I wish I could give you a unique firsthand boaters-eye-view of what it felt like to be aboard when the ground shook, but I wasn’t aboard. I was at Fitness Forum doing my regular Tuesday afternoon physical therapy session with awesome physical therapist and trainer Jen when the building started swaying. At first I assumed it was a heavy truck driving past in the elevated part of the parking lot, but as the shaking continued and got worse, we all clustered in doorframes and room corners until we were told to evacuate (I did get out of doing the last 10 minutes of my workout, though) And, all being the products of 21st century technology, we then all stood around checking our smartphones and telling each other the news: my cousin Cheryl in New York reported an earthquake, as did friends Margo in Massachusetts and Penny in North Carolina – this thing must have been HUGE! It was actually a relief to learn from USGS that it was “only” 5.8 with an epicenter near Richmond. There was a bit of confusion as our car was in the basement garage, but in a short time we were back home aboard the boat at the marina, where all looked just as it had before.

What was it like to be aboard in the marina during the earthquake? I asked Dave German, who lives aboard his CSY 37 “Equinox” a few slips away from us. “I was in the boat, at the nav station when I felt a sharp bump,” he said. “I thought someone may have run into me so I went to the cockpit, looked around and didn't see anything. Boatswain [the dog who lives aboard a neighboring boat along with his owner Ed Menegaux] barked a few times but stopped when he saw me. I waited maybe another minute and saw masts further up back creek rocking back and forth followed by masts closer to Port Annapolis. Next the pilings began to shake maybe 2-3 feet at the top and a series of waves came towards me. It lasted for about 30-40 seconds and then all was quiet again. Except for Boatswain.”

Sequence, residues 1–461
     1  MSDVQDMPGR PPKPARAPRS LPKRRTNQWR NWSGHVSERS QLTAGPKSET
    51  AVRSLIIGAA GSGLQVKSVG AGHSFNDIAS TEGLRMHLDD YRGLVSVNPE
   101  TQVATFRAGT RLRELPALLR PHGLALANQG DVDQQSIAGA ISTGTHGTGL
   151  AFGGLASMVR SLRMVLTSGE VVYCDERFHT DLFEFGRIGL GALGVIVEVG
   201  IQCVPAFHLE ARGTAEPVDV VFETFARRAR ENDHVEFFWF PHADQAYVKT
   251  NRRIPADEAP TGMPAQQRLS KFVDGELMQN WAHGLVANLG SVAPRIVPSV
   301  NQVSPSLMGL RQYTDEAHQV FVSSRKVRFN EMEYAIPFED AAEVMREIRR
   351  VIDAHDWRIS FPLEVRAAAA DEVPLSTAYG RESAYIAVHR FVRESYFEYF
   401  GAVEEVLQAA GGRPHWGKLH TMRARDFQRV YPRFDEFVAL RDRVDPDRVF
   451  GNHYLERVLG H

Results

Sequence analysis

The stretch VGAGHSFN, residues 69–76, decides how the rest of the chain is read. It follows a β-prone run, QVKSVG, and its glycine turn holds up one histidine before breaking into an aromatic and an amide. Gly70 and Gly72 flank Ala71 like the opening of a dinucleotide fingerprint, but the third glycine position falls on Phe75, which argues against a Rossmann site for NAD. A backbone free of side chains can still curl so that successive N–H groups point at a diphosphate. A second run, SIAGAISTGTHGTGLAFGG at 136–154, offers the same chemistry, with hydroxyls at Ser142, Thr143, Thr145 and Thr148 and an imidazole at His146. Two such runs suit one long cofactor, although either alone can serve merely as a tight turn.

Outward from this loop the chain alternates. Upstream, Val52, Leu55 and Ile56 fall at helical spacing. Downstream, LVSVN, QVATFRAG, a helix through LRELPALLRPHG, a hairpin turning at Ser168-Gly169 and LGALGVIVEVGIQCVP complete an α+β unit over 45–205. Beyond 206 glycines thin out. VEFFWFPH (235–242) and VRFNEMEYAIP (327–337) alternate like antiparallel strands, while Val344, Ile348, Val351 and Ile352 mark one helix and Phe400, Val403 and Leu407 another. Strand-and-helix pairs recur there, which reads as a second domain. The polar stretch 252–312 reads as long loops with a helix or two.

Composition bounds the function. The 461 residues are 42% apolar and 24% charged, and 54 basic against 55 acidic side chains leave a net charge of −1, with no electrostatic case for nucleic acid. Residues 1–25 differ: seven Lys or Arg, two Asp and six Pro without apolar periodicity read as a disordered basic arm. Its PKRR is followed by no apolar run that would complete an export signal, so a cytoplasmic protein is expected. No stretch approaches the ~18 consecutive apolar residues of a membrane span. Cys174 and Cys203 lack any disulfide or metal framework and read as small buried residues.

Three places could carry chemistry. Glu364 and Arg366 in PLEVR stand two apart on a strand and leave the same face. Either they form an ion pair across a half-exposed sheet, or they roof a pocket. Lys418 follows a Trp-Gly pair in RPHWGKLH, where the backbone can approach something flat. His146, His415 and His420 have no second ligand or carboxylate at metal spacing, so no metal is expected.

I kinda wish I could have seen that, docks and pilings swaying like palm trees … or then again, maybe not. If I’d seen it I’d probably never again be able to trust my boat to those docks and pilings in a storm – like the one coming, for example. After all the excitement, we topped up our water tanks and took the boat over to fuel up in anticipation of the hurricane, and went to a previously-planned anchor-out overnight in Whitehall Creek. Late in the evening we were rocked by a series of waves like a boat wake, but that had no discernible source, that may have been the aftershock. An invigorating sail back home this morning, and now, back to our regularly-scheduled hurricane prep.